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When a Stack Exchange user gets a new privilege, it's accompanied by the following notification:

Congrats, you've gained the privilege – talk in chat learn more

That phrase "may be oddly worded, but it is a valid sentence," according to Jeff. I'm not so sure. Who's right?

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Close enough for Web notifications and links. –  Robusto Jul 30 '12 at 20:31
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Bleh. "It's on the Internet" is no excuse for lowered standards. –  Pops Jul 30 '12 at 20:34
    
Are you kidding? The message is at least intelligible. That puts it in the top 25% of all Internet communications, unless I miss my guess. –  Robusto Jul 30 '12 at 20:41
    
It's kind of sad that we're settling for "intelligible," especially when one of the goals of Stack Overflow was to make programmers better writers/communicators. But that's getting a bit off-topic for this site. –  Pops Jul 30 '12 at 20:48
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3 Answers

up vote 4 down vote accepted

It certainly is not a grammatically correct sentence, but at its core it has a valid sentence structure, "you've gained the privilege". It would approach correctness rather more with to in place of the dash; a period after answers; and learn capitalized. There may be some reason (aside from a mock-casual tone) for abbreviating Congratulations; if there's no such reason, it might as well be spelled out.

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So why not change it to the privilege of -- Verbing ...? –  John Lawler Jul 25 '12 at 17:01
    
@JohnLawler, but that would be 3 characters longer, besides "privilege of editing" being weaker and less-direct than "privilege to edit". Do you see a grammatical problem with the latter form? –  jwpat7 Jul 25 '12 at 17:06
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Yes. The gerund is better as a complement to privilege than the infinitive. And where does the characterization of "weaker and less direct" come from? Finally, what's another three characters on this site? We're already awash in them. –  John Lawler Jul 25 '12 at 17:17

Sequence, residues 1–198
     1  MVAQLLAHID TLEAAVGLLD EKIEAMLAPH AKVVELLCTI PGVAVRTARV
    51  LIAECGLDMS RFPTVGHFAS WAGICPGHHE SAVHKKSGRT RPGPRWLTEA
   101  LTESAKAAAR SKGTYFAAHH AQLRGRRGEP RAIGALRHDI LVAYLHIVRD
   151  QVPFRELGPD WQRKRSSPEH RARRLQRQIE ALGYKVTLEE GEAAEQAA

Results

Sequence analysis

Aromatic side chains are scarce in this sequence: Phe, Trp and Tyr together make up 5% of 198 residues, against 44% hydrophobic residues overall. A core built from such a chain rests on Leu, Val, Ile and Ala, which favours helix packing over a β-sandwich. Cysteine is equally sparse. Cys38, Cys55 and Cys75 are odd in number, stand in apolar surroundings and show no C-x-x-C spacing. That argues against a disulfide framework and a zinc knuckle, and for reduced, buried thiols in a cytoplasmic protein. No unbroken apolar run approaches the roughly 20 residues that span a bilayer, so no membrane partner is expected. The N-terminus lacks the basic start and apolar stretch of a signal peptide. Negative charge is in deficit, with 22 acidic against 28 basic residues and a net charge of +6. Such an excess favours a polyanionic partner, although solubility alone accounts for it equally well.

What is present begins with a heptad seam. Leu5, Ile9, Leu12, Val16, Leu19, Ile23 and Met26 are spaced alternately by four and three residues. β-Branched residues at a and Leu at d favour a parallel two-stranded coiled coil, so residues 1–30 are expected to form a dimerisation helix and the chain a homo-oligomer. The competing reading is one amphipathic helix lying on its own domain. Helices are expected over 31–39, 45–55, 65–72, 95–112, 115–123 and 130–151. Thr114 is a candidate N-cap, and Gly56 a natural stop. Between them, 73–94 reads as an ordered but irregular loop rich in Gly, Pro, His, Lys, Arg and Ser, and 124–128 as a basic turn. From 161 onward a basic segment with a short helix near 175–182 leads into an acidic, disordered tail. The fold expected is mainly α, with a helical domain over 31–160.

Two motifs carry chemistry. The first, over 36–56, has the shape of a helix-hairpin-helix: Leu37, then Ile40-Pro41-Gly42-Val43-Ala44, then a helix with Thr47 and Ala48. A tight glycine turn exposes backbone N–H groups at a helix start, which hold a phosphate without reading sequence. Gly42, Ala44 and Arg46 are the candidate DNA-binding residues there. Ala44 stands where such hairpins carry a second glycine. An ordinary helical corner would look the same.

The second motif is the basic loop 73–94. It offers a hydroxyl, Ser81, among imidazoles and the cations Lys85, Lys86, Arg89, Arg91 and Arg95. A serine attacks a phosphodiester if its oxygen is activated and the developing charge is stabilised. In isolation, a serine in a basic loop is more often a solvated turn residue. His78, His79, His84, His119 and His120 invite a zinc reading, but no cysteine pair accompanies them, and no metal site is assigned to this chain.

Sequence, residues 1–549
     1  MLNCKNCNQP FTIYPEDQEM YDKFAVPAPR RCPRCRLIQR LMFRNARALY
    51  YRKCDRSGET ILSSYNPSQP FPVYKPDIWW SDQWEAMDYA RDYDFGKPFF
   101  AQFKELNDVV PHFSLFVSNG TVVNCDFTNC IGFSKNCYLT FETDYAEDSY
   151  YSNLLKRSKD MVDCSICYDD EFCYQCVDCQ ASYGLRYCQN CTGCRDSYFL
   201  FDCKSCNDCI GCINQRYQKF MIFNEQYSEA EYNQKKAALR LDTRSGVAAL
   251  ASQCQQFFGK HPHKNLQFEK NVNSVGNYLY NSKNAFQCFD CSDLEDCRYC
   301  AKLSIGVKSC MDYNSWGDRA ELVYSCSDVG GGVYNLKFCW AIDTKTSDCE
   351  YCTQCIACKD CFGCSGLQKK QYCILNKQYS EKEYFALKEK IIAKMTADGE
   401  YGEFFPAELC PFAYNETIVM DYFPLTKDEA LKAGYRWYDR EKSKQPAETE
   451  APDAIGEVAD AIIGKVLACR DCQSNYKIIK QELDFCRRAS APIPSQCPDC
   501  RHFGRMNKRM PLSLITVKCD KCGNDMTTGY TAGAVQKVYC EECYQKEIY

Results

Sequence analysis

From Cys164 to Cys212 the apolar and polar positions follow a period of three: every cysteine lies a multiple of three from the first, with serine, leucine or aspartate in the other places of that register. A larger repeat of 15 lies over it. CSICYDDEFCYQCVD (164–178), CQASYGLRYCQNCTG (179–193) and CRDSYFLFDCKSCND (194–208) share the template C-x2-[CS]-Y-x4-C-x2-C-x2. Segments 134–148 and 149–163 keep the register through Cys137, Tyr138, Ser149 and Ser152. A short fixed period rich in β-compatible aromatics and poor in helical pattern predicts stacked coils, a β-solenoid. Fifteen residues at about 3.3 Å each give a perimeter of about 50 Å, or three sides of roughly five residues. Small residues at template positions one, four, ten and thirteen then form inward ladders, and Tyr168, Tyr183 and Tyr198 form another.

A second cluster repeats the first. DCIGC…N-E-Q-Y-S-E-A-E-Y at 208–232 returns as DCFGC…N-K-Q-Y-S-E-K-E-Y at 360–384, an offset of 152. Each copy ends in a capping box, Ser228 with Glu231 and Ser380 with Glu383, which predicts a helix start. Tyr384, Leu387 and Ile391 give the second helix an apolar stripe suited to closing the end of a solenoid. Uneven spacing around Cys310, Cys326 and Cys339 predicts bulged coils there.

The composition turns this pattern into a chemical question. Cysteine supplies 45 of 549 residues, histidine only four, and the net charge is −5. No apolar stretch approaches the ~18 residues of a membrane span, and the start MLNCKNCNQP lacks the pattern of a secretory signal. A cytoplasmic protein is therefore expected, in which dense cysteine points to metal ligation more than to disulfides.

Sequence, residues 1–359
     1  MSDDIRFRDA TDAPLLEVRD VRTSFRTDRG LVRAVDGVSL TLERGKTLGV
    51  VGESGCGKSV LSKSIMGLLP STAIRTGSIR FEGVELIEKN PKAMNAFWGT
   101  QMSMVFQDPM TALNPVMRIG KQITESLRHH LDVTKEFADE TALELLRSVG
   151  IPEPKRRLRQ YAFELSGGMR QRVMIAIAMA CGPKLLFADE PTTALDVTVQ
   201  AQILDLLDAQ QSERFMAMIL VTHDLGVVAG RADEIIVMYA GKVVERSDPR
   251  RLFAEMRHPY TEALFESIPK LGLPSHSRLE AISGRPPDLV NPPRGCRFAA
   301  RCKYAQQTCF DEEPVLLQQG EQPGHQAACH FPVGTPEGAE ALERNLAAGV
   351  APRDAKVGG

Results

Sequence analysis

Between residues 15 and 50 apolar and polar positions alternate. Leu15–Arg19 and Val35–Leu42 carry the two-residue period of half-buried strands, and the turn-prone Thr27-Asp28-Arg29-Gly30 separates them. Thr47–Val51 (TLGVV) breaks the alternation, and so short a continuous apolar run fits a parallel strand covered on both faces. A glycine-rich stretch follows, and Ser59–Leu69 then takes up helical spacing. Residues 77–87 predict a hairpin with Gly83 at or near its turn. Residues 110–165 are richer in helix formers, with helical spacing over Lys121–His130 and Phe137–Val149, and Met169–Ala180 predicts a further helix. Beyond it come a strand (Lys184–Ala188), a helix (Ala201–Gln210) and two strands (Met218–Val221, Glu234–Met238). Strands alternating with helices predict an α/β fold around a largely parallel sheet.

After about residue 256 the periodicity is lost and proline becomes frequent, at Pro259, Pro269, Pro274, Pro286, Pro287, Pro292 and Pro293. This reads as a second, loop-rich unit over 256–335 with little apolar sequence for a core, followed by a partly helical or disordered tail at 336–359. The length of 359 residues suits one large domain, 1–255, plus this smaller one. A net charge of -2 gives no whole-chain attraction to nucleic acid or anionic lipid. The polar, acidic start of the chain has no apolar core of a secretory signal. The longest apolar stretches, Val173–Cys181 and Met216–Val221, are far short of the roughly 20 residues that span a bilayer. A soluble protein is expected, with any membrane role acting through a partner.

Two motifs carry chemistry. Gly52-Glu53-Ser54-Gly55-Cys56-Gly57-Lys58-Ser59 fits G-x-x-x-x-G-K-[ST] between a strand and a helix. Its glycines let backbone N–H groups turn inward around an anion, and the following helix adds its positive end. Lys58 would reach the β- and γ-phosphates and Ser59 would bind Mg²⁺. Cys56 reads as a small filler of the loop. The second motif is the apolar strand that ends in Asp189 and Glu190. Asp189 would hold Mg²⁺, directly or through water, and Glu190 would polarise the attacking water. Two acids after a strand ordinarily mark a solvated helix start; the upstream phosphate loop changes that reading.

@JohnLawler re:Verbing, I suspect that it's easier to maintain a list of privileges in code without having to worry about grammatical issues. –  coleopterist Jul 25 '12 at 17:33
    
That's certainly true; and frankly I don't care how the user interface is designed. But in general it's better practice to make code look like code and not attempt to linguisticize it; for one thing, it's hard, and expensive to do it right. –  John Lawler Jul 25 '12 at 17:47
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I don't think that it's perfectly punctuated.

Congrats, you've gained the privilege – edit questions and answers

Setting aside the learn more, there is no period at the end of the sentence. But, I'm guessing that that's not the issue here. It's the dashing dash which is, and IMHO, it's being used incorrectly. For starters, it's an en dash (assuming that it's been pasted correctly), and it's not really kosher to use it to replace a colon (which is what is being done here). This dash is essentially used only for one thing, indicating ranges such as 1–10, 1900–2000, and so on. The em dash, on the other hand, is sometimes used in informal writing to replace the colon.

A hyphen, an en dash and an em dash: - – —.

The above should illustrate which dash is being used in Atwood's sentence. This line can be fixed to use the em dash (sans the spaces on either side) as below:

Congrats, you've gained the privilege—edit questions and answers.

The differences between hyphens, dashes, and the minus sign, are outlined here.

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I just received a privilege notification and copied it directly into the question. The dash that is in the question body now should be accurate. –  Pops Jul 25 '12 at 17:52
    
@LordTorgamus They look identical. That's good/bad depending on how you want to look at it :) –  coleopterist Jul 25 '12 at 17:57
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Grammatically correct, the sentence is.

A similar sentence structure is:

You've gained the sword: "Sting".

As wikipedia states:

Em dashes are sometimes used to set off summaries or definitions

Since "Congrats, you've gained the privilege." is grammatically correct as sentences go, adding a definition of the privilege is also fine.

Learn more is a link and so is not part of the sentence. It might be better to separate it with a full stop.

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